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Osborne to slash corporation tax to less than 15%

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Chancellor George Osborne is to cut corporation tax from 20 per cent to less than 15 per cent in an attempt to win back investors’ business confidence following the Brexit vote.

Osborne says Britain must show the world it is “still open for business” and outlined a new five-point plan to build a “super competitive economy” with low business taxes and a global focus, the chancellor told the Financial Times.

He says: “We must focus on the horizon and the journey ahead and make the most of the hand we’ve been dealt.”

The sharp cut in the levy will bring the UK close to the 12.5 per cent corporation tax rate currently applied in Ireland.

Other plans include a new push for investment from China, ensuring support for bank lending, focusing on investments in the Northern powerhouse and maintaining the UK’s fiscal credibility.

Last week, the chancellor abandoned his target of turning the UK’s budget deficit into a surplus by 2020 because of the expected “negative economic shock” for the UK after the referendum result.

Osborne says the UK is facing a “very challenging time” and urged the Bank of England to do whatever it can to avoid “a contraction of credit in the economy”.

The BoE will publish the results of its Financial Policy Committee meeting on Tuesday.

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Comments

There are 8 comments at the moment, we would love to hear your opinion too.

  1. Julian Stevens 4th July 2016 at 9:49 am

    One of the biggest challenges ahead is the EU’s vindictive threat to impose punitive trade tariffs (in effect sanctions) if the UK refuses to retain its open door policy on migration. That’s tantamount to declaring that although it can’t stop us leaving it will do everything it can to force us to continue to abide by all its rules and regulations. Not a nice organisation of which to be a part.

  2. Fine and dandy as long as the corporates pay 15% on *all* the profits made in the UK and don’t ‘spirit’ it away to Luxembourg etc.

  3. I own up. I couldn’t have been more wrong. I thought that Corporation Tax would rise.
    OK so we have a problem. How will they fix it? Three choices as I see it:
    1. Other taxes to rise? Income tax will be unpopular – so more stealth tax? Fiscal drag. More paying 40%?
    2. More austerity – or some of the above with some of this?
    3. Just borrow more and put us deeper into debt? Why not? Let the next generation pay. You have already thwarted their wishes by Brexit so you may as well further ruin their future.
    Doing nothing will not be an option. All the talk of saving fortunes when we leave doesn’t seem to be materialising does it?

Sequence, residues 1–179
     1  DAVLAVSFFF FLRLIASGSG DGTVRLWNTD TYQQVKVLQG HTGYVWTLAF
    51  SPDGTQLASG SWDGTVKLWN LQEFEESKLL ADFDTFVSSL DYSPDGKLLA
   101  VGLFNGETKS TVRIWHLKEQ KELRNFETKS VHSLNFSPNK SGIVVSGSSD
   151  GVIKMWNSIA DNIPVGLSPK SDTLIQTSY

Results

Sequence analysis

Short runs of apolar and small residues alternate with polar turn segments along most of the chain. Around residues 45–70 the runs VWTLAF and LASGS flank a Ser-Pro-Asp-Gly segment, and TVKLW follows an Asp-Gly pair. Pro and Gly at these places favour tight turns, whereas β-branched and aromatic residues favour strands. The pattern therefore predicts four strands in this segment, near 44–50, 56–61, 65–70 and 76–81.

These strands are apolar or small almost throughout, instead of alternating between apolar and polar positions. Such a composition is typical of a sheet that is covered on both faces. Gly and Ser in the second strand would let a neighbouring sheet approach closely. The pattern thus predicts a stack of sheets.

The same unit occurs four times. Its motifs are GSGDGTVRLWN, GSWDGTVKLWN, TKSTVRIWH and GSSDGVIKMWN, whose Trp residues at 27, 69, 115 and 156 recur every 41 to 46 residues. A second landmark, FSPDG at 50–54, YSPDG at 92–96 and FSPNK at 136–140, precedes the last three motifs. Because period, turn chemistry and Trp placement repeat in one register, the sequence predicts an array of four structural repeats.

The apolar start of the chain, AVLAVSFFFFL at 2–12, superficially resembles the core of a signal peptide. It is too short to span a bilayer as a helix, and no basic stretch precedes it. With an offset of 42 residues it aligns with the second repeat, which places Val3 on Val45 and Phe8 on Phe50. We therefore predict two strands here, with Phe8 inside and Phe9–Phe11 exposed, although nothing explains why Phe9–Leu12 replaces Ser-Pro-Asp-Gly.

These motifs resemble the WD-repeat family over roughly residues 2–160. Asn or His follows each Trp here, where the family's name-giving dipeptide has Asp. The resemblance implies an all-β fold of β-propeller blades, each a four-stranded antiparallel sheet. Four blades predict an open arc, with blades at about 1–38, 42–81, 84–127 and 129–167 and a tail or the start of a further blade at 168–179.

• Could it be…. the country may save a substantial amount of money, by not shipping it over to Brussels ?

      Could it be…. that new trade links have opened and other countries are actually coming to us ?

      Could it be….. the treasury is getting behind the UK businesses existing and new because at the end of the day it will create more revenue ? lets face it 15% of £100,000, is still better than 20% of £50,000

      Could it be… that London is leading the way, so Scotland and Ireland may rethink life could be better out of the EU ?

  4. The EU will act on the basis of self interest. If we have been so stupid as to vote Leave then what do you expect of the EU? It is in their interests to destroy our economy.

  5. “Could it be…. that new trade links have opened and other countries are actually coming to us ?”
    What is this nonsense? Germany is in the EU and quite evidently hasn’t got a trade problem. In deed if you care to examine the figures you will see that they sell more to the Commonwealth then we do.

    Indeed even Italy exports more than we do. So what makes you think that now we are on our own the world will flock to buy the few things we actually have to export?

  6. Paolo Buco nel Terreno 4th July 2016 at 3:42 pm

    lower CT also provides greater opportunities for businesses to employ more people which means less claiming benefits (a cost saving for the exchequer) and get more IT and NIC from that employee and employer (more income for the exchequer) thus a smaller loss for the exchequer than the 5% figure suggests.

  7. On refection it seems to me atht the three options I mentioned are going to be avoided if at all possible, so how to square the circle. The annoucemnt of the proposed reduction of CT gives us a clue. We will become a tax haven. I can see certain possibilities to attract business to the UK:

    1. Non dom deposits will be scrapped
    2. The high tax rates will be reduced to try and prevent our banks and financial services from leaving, as well as encoraging other high earners and their companies to stay.
    3. Dis incentive to foreeign nationals to buy expensive houses and the high rates of stamp dutry may well be changed. This might just hold up the housing market, which no Government can afford to see in decline. Not a good prospect for those on the ladder, but what alternatives?

    Any outcry by the less well off will be easily countered. “OK – so see the better off leave and we will have to raise taxes and increase austerity – which do you prefer? The rich getting richer or you getting poorer?

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